TRANSFER DEADLINE DAY: Watching Money Move Around

There are 2 hours remaining of the Premier League’s Transfer Deadline Day. The clock counts down on SkySports, fans refresh the BBC Sport homepage, and those at work tune in to their radios as the tension mounts to find out which players will be moving to and from which clubs before the 11pm window closes. 

As all this happens, flashing across every screen and on every radio wave are huge and incomprehensible numerical figures representing the money paid by one club to another (and its agents, fees, taxes etc).  A large part of the thrill of ‘deadline day’ is not that of seeing if your club will get a new player but of watching money move around, and it might be in fact be compared to the thrill felt watching the stock market floor or the stock values tumbling and rising on an electronic screen.  Last year, £140 million was spent on ‘deadline day’ alone.  Of course, those involved may be in it for themselves (like gambling, if you win on the stock market you will profit), but the question here is a different one. Why do we, as third parties not standing to gain or lose in the process (many of us do not even support the teams involved), watch this money move around? Why does a stock market seem appealing to us from outside?  How can a whole day of money moving between rich people in football be televised for 24 hours and see Sky’s viewing figures tripled from the normal numbers tuning in? #SkyDeadlineDay is trending right now.

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         The clocks count down to deadline day across the world

The answer has something to do with the fact that the moving money has unpredictable consequences.  The money moves and this movement will be the cause of unpredictable futures, for clubs but also for individuals on a human level: the players, the staff, and eventually even the fans.  The movement on the stock market may be similar: already built into the thrill of seeing figures drop on a screen is the knowledge that some young investor somewhere is a multi-million winner and that some businessman has seen his financial situation collapse. What will be the repercussions for their families? And so on, and so on…

The chain seems to have two parts: a simple cause and effect.  First the cause: the money moves on our screens, and although we know that the big cheeses in football are responsible for it, it seems out of our control, much like the stock market seems to run itself but is in fact of course affected by the actions of those at the top of the business pyramid.  Second the effect:  what will happen when the money moves? What does the next year have in store? The past is written off and the future is unknown. This is quite a lot of fun.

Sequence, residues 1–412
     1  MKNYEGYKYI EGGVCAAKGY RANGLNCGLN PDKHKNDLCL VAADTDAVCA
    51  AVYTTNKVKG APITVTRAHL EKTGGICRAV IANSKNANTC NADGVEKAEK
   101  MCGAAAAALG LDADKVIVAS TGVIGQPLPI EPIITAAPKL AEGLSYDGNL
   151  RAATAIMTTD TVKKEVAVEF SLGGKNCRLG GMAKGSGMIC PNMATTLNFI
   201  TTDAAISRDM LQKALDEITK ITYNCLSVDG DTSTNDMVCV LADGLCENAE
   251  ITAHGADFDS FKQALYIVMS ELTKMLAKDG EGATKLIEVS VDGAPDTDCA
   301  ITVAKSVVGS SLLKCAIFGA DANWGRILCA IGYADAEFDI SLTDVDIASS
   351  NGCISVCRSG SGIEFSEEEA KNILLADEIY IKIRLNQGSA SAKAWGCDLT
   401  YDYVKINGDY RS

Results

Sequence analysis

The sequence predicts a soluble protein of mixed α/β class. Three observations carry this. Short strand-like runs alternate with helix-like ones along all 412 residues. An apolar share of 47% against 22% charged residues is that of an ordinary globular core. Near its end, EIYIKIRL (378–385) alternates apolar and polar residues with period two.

However, it is also exactly how a particular part of capitalism works, by watching a shift at the level of money have an effect at the level of life.  It is of course how our political system works too, moving money from one place to another and then watching the unpredictable consequences of how this will play out at the level of the people: who will be the beneficiaries and who will lose out? We debate it, in a surprisingly similar way to how we debate about what the effects of the deadline day transfers will be.

What this shows us is that we are not dealing so much with something about football but something structural to our society.  The same structure appears in the approach to the stock market, in our response to government policy and in our debating about football transfers.  Of course, one point is that football is structurally political, but the other is that politics is structurally football-like.  Politics has become entertainment, something we can only watch the effects of and then respond to by thinking about how it all might pan out.  The alarming similarity between ‘deadline day’ on SkySports and Election Day on the BBC testifies to this even further: being subjected to football and being subject to politics has become one and the same, you can only watch and hope.  The trick is that what happens on screen doesn’t seem like a response to something off it but something that we will have to respond to.  There are people who watch deadline day and not election night, who we might accuse of being ‘apathetic,’ but given this, is it any different?

Perhaps it is rather that if we see politics like we see football then we will stop trying to interfere with those making the decisions and instead just harmlessly discuss the effects among ourselves. With big decisions in parliament ahead, watch-and-hope-politics is increasingly defining our historical moment.

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